A moon cactus is a succulent that is native to desert climates. Its Latin name is Gymnocalycium mihanovichii, and it has several common names such as ruby ball cactus or Hibotan. The moon cactus itself is a mutant that lacks the chlorophyll necessary for a plant to feed itself via the process of photosynthesis, or converting sunlight to energy. This species is, therefore, typically grafted on top of another type of cactus from which it feeds. The resulting bright color of the Hibotan makes the plant popular as decoration, though it has a relatively short life for a cactus.
Without enough chlorophyll to turn sunlight into food, a plant will die; this is the case with moon cactus seedlings. They can survive for only up to a few weeks on their own. If a Gymnocalycium mihanovichii is grafted onto a chlorophyll-dense succulent, however, it can live for many years.
Most plant nurseries will sell moon cacti that are already grafted and flourishing. If a gardener wishes to do the grafting at home instead, many books and websites include instructions on how to do so successfully. The main idea is to cut the top of the base cactus and the bottom of the moon cactus off. Then, by lining up the insides of both cacti, the two plants will heal by becoming one plant.
The Hibotan should begin to grow as it feeds off of the base cactus. Typically, the top plant will turn a bright shade of yellow, orange or red. This effect is caused by the revelation of the plant’s underlying pigmentation and the lack of chlorophyll, which gives plants their usual green color. It is common for people to confuse a moon cactus with a cactus flower.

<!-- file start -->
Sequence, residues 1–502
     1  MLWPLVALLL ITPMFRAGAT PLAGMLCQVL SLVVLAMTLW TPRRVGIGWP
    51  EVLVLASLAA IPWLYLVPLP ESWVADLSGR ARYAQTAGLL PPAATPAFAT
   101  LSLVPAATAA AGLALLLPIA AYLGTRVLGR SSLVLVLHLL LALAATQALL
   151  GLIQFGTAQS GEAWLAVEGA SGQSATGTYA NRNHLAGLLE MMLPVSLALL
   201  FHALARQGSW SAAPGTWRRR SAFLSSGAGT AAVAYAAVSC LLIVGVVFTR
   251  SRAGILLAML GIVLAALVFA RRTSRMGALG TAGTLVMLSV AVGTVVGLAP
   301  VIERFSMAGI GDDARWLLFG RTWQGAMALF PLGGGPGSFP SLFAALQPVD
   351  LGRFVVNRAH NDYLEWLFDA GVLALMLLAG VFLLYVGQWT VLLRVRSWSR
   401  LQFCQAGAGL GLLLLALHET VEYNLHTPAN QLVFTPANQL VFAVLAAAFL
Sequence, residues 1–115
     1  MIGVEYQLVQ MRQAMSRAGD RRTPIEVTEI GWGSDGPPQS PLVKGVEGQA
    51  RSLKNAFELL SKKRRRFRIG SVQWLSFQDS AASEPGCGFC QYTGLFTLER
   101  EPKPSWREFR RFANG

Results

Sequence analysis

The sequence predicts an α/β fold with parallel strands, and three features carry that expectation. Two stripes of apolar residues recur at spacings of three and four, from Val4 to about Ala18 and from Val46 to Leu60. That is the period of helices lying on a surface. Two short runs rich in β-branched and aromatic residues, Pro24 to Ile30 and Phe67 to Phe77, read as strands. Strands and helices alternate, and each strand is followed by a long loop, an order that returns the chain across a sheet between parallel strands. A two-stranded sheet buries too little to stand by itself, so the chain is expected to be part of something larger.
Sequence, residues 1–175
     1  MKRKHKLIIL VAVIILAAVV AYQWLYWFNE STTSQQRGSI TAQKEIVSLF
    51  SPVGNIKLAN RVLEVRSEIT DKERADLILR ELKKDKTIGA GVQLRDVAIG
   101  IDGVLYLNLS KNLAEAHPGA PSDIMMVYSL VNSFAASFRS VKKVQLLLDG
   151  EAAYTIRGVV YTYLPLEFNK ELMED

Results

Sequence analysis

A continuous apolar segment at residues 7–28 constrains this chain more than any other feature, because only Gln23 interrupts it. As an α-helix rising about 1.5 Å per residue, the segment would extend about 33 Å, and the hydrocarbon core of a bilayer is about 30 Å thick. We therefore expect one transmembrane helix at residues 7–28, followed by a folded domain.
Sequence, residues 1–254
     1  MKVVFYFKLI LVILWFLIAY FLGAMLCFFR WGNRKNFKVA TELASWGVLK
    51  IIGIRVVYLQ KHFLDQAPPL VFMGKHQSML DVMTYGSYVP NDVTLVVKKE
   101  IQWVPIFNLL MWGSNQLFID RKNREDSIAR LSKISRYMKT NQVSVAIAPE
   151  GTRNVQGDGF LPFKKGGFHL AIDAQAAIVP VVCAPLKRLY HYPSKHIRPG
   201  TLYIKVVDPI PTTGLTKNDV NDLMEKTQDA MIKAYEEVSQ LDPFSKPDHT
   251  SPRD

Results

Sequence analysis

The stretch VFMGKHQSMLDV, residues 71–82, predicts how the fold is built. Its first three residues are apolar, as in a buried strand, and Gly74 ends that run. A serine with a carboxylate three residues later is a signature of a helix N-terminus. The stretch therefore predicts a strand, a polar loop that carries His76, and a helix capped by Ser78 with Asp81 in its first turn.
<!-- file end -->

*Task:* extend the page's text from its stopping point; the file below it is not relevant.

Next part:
Depending on the type of base cactus chosen, a moon cactus might not grow much taller than 12 inches (30.5 cm). While several kinds of cacti live for up to several decades, the Hibotan has a relatively short life span. The base cactus cannot often support the entire plant for longer than a few years.
One can help to ensure the longest lifespan possible by following a few specific care instructions. The ruby ball cactus, unlike some other cacti, does not thrive in direct sunlight. A few hours of indirect, bright sunlight each day is optimal. Many people who own this plant find that it does well in a window that gets direct sun, as the tint in the window dilutes the intensity of the light just enough.
Like many cacti, the moon cactus should not be watered too often, or it could die. One should wait until the soil it grows in has completely dried through. Then, the plant needs to be drenched with water as if to mimic receiving a lot of rain. The plant will not need any more water until the soil has completely dried through again.